New Analysis Suggests That Improvements in Kidney Function in Patients Treated with Lipitor Strongly Correlate with a Reduced Risk of Major Cardiovascular Events
NEW YORK--(BUSINESS WIRE)--Nov 12, 2008 - Improvements in kidney function in patients treated with Lipitor(R) (atorvastatin calcium) were shown to strongly correlate with a reduced risk of major cardiovascular events in patients with pre-existing cardiovascular disease, according to a post hoc sub-analysis of the five-year Treating to New Targets (TNT) study presented today at the Annual Scientific Sessions of the American Heart Association.
"This is the first time for any statin that an association between improvements in kidney function and a reduction in cardiovascular events has been shown," said Dr. James Shepherd, clinical academic consultant, department of pathological biochemistry, University of Glasgow Medical School, and lead investigator of the analysis. "This is important for patients, since studies have shown that people with high cholesterol have a more rapid decrease in kidney function over time and that chronic kidney disease is more frequent in patients with cardiovascular disease."
In this new post hoc analysis, kidney function was assessed using estimated glomerular filtration rate (eGFR), as recommended by the National Kidney Foundation. Increases in eGFR indicate improved kidney function.
Lipitor has previously been shown to provide dose-dependent increases in eGFR in heart disease patients. Findings from this new analysis showed that in patients with heart disease treated with Lipitor, for each 1 mL/min/1.73 m2 increase in eGFR there was a 2.7 percent relative reduction in risk of major cardiovascular events. Similar risk reductions per 1 mL/min/1.73 m2 increase in eGFR were observed for secondary endpoints such as major coronary events, nonfatal heart attack and fatal or nonfatal stroke.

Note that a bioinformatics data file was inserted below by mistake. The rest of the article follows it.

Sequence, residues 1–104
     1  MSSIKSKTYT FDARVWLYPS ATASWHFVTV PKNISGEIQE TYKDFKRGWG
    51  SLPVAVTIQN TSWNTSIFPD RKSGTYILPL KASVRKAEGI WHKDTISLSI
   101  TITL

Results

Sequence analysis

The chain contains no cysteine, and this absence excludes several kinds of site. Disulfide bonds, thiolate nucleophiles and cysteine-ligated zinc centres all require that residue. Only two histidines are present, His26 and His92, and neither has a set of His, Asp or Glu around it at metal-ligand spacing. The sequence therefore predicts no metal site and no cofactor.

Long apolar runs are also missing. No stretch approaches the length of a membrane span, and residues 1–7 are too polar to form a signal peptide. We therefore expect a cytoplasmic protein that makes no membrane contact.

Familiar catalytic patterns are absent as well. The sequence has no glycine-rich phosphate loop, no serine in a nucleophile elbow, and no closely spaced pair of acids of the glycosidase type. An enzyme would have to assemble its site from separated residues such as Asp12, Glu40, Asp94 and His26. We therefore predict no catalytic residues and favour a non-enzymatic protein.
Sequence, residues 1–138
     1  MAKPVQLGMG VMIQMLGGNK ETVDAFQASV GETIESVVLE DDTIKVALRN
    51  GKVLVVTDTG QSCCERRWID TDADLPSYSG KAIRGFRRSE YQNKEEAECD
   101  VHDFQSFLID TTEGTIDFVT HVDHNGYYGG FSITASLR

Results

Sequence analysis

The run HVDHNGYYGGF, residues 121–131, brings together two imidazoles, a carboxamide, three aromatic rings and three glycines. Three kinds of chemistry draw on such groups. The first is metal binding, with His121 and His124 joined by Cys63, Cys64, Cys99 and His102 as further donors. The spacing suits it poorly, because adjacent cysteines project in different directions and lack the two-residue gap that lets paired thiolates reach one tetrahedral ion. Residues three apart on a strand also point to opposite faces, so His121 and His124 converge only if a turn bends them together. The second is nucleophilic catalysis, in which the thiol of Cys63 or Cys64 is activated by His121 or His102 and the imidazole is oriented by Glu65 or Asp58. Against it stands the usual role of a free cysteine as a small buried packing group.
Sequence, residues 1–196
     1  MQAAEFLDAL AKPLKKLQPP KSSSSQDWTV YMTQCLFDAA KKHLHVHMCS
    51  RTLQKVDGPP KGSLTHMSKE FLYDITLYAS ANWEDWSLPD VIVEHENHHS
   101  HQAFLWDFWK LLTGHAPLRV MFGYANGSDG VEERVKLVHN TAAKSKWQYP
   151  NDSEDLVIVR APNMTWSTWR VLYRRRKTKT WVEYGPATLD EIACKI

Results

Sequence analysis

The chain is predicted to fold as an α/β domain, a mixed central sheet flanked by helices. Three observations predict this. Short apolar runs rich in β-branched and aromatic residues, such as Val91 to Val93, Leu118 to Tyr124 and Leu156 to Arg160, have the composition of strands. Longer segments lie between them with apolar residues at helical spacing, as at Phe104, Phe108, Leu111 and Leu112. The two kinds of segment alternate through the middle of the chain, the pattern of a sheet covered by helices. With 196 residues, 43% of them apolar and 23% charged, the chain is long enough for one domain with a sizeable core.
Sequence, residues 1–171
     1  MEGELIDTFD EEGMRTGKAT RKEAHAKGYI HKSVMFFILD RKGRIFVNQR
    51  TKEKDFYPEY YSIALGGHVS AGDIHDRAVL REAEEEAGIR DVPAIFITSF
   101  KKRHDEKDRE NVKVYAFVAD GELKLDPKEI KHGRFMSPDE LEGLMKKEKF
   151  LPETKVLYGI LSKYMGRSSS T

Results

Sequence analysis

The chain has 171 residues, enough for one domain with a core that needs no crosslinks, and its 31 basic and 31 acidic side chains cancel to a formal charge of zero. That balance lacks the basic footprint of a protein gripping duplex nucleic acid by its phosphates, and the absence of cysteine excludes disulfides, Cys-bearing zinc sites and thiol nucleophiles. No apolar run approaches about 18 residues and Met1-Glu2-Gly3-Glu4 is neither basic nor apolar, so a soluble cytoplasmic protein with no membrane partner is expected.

"This analysis is exciting because it suggests a potential additional benefit of Lipitor -- improving kidney function while reducing cardiovascular events," said Dr. Rochelle Chaiken, vice president of Pfizer's cardiovascular and metabolic medical division.
Throughout the TNT study, both doses of Lipitor (10 and 80 mg) were generally well-tolerated.
About the TNT Study
The TNT study was an investigator-led trial coordinated by an independent steering committee and funded by Pfizer. The study enrolled 10,001 men and women with coronary heart disease aged 35 years to 75 years in 14 countries and followed them for an average of five years. Primary study results were published in The New England Journal of Medicine in 2005.
The primary endpoint of the original TNT study was the occurrence of a first major cardiovascular event, defined as death from heart disease, non-fatal heart attacks, resuscitated cardiac arrest, or fatal or non-fatal strokes.
Lipitor 80 mg is not a starting dose. Lipitor is not approved in all countries to reduce the risk of cardiovascular events in patients with existing heart disease.
Important U.S. Prescribing Information
Lipitor is a prescription medication. It is used in patients with multiple risk factors for heart disease such as family history, high blood pressure, age, low HDL ("good" cholesterol) or smoking to reduce the risk of a heart attack and stroke, certain kinds of heart surgery and chest pain. Lipitor is also used in patients with type 2 diabetes and at least one other risk factor for heart disease such as high blood pressure, smoking or complications of diabetes, including eye disease and protein in urine, to reduce the risk of heart attack and stroke.
Lipitor is used in patients with existing coronary heart disease to reduce the risk of heart attack, stroke, certain kinds of heart surgery, hospitalization for heart failure, and chest pain.
When diet and exercise alone are not enough, Lipitor is used along with a low-fat diet and exercise to lower cholesterol.
Lipitor is not for everyone. It is not for those with liver problems. And it is not for women who are nursing, pregnant or may become pregnant.
Patients taking Lipitor should tell their doctors if they feel any new muscle pain or weakness. This could be a sign of rare but serious muscle side effects. Patients should tell their doctors about all medications they take. This may help avoid serious drug interactions. Doctors should do blood tests to check liver function before and during treatment and may adjust the dose. The most common side effects are gas, constipation, stomach pain and heartburn. They tend to be mild and often go away.
For additional product information, visit www.Lipitor.com.
Vanessa Aristide, 212-733-3784
Rebecca Hamm, 212-733-8811
Jennifer Davis, 212-733-0717
Posted: November 2008